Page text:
The concept behind the Tracking and Data Relay Satellite (TDRS) was born out of NASA's effort to rely less on international ground stations and create long-duration and widely available space communication coverage. Using ground-based communications systems, spacecraft could only connect with antennas on Earth for about 15 minutes per connection, at set times in their orbits. A space-based network provides continuous communications services and increases the amount of data that can be received from NASA's critical low-Earth-orbiting missions.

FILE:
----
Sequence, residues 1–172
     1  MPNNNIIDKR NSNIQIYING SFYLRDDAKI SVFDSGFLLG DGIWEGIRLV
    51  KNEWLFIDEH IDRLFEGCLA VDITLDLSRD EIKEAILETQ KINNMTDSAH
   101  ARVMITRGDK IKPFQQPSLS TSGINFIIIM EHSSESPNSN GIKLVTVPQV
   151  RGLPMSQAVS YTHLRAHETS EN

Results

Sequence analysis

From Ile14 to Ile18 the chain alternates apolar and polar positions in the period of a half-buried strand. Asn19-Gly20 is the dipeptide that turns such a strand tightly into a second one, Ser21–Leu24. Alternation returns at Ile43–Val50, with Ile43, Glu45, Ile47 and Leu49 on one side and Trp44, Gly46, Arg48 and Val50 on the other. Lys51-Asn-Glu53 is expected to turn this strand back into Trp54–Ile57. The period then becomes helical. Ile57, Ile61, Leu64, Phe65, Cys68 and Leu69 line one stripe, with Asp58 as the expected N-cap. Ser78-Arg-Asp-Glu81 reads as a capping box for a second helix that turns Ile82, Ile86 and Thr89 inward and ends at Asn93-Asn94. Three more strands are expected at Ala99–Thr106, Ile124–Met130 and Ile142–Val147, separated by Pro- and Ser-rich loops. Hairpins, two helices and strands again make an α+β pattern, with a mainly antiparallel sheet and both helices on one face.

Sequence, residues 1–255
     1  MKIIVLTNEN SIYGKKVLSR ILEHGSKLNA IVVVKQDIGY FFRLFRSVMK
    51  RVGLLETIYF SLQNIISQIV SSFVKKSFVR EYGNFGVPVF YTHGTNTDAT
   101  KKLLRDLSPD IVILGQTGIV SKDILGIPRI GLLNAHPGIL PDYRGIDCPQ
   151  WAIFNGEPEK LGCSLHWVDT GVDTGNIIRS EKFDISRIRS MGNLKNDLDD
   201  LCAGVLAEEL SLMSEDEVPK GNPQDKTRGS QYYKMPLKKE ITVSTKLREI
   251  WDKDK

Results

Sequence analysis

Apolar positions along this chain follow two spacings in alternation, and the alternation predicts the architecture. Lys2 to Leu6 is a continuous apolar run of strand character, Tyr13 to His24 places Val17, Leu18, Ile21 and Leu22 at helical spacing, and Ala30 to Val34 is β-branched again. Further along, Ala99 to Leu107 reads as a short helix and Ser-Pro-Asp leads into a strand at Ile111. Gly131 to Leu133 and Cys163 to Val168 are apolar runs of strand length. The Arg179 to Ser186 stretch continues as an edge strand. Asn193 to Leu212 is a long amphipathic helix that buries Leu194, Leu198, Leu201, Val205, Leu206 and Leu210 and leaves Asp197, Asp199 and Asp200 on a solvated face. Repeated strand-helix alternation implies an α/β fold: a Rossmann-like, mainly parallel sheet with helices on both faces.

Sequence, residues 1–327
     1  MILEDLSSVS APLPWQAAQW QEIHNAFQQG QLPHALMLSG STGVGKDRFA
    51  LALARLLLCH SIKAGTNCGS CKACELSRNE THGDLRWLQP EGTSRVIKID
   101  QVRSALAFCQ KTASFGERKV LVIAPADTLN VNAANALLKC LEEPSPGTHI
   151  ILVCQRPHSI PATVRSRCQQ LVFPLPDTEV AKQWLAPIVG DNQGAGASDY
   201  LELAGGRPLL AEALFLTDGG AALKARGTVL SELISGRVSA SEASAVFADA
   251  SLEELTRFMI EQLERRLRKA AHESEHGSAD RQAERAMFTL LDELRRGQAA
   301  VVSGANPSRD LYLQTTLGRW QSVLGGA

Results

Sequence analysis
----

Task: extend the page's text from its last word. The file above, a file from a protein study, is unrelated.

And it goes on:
Established in 1973 at Goddard Space Flight Center, the TDRS project launched its first spacecraft in 1983 on the Space Shuttle Challenger (STS-6), and the remaining first-generation TDRS spacecraft by 1995. The second generation of TDRS satellites (TDRS H, I, and J) were built by Hughes (now Boeing) in El Segundo, California, in the late 1990s through early 2000. The contract to develop the third generation of TDRS was awarded to Boeing in December 2007. The primary difference between the second and third generations is the shift from on-orbit beamforming of the S-band multiple access return services to ground-based beamforming (GBBF) (a return to the first generation architecture). The final spacecraft of the third generation will launch in August 2017, ensuring TDRS’s continued reliability for the future. In total, three generations consisting of 12 spacecraft will have joined the TDRSS constellation.